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Baby steps
Depending on the type of dog you're caring for, you can also start them off swimming at a young age to increase their proficiency with this activity. Setters, Retrievers, and any bread that has the word "water" in their name will all benefit from being introduced to this activity during puppy-hood. Get a firm and steady hold of your puppy and hold them over a shallow pool or tub of water. Let them practice stroking and paddling through the water while you keep them lifted above at a safe distance. Once all four feet are moving, you will have a doggy paddler on your hands!
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Scent Training

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Any Day
Moderate
Hard
45 - 60 min
Items needed
Scent Training Kit
Dog Treats
Activity description
Some Fire Inspectors may say that they can "sniff out a fire" as a sort of playful boast, but dogs actually can sniff out potential fire hazards once they've been properly trained. The thing is that the world we live in and the environments Fire Inspectors typically work in are filled with all sorts of icky, overpowering smells and aromas. Simply put, it won't be easy to teach a dog how to discern the difference between methane gas and the stench on a car's exhaust pipe fumes, but it'll be worth it in the long run if a pup's meant to work as a detection canine. If you think you may want to have your dog trained as a fellow inspector, seek out an organization neat you such as Fire K9; they are found all over North America as well as in the UK. They will be able to determine your dog's suitability for training.
Step
1
Show and tell
Training as an accellerant detection dog, for example, will involve training over weeks and months for certification in detection of liquids like gasoline, lighter fluid, lantern fuel and kerosene. You will be responsible as the handler for vet bills, travel, food, training and the certification fees of your dog. Once trained your companion may be involved in searching burning buildings, vehicles, or fire sites.
Step
2
Getting things to stick
Certification doesn't stop in the classroom. Practice is well and good, but a dog won't really go out of their way to get a concept ingrained into their minds if they aren't properly incentivized to do so. If you really want your dog to get a concept down pat, you'll need to follow the instructions as taught to you by the certified trainer. Don't just reward your dong wantonly, as tempting as it may be to reward your puppy just for existing. Instead, wait for your dog to successfully complete a task and them reward them for a job well done.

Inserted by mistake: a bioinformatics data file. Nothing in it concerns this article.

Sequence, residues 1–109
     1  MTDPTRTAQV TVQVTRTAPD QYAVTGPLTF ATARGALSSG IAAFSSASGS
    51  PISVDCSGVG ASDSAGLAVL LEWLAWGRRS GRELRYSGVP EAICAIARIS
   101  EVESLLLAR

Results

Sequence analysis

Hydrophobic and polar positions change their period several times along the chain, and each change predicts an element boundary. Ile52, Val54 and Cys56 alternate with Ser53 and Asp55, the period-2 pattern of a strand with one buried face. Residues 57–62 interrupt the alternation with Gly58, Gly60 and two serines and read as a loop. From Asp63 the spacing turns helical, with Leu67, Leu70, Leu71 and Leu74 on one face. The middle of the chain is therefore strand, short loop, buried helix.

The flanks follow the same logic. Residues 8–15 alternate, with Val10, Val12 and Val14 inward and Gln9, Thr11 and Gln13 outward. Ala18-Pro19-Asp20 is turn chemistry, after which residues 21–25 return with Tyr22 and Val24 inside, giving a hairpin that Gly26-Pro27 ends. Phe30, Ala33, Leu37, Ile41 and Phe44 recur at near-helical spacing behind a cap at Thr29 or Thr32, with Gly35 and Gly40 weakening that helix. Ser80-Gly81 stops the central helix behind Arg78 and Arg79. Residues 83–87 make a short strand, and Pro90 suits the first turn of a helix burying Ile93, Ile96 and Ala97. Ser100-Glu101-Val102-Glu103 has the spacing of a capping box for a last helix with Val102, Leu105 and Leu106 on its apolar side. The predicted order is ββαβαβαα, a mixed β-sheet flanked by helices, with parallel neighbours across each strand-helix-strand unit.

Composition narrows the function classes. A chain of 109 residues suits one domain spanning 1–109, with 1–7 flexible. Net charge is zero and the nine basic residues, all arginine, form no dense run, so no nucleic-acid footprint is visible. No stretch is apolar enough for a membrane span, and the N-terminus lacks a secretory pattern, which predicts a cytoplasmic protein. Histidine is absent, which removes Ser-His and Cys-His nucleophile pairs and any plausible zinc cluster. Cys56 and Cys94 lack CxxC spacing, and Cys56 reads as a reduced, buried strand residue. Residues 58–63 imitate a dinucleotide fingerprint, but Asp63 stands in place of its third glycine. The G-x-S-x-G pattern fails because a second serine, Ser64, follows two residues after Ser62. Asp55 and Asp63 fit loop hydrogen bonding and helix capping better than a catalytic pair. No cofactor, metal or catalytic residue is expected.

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More Fun Ideas...

Bucket Carrying

There are a number of bodybuilders that use filled up buckets as tools for strength training. You can do the same for your dog, provided that you ease them into it and start with light amounts of weight. You don't even have to fill the buckets up with water per se; you could fill them up with doggy treats to further give incentive to your pet.

Go For a Ride

The image of a Dalmatian riding along with a team of Firemen and Firewomen is practically synonymous with fire rescue work as a whole. If you can gain access to a bonafide fire engine, consider taking your dog along with you and your crew for a ride. Bonus points if you can get your puppy to wear a hat for the duration of the trip.

Conclusion

Dogs have been trained to detect everything from potential fire hazards to explosive devices, lending credence to the idea that dogs could eventually work alongside Fire Inspectors out in the field. For now, any Fire Inspectors who are currently caring for canines should continue to engage in activities that'll put a dog's physicality and sense of smell to the test. A dog that can sniff out gas leaks could be a potentially valuable asset to Fire Inspection teams all around the world, but a dog's also got to be able to restrain themselves and keep their urges in check.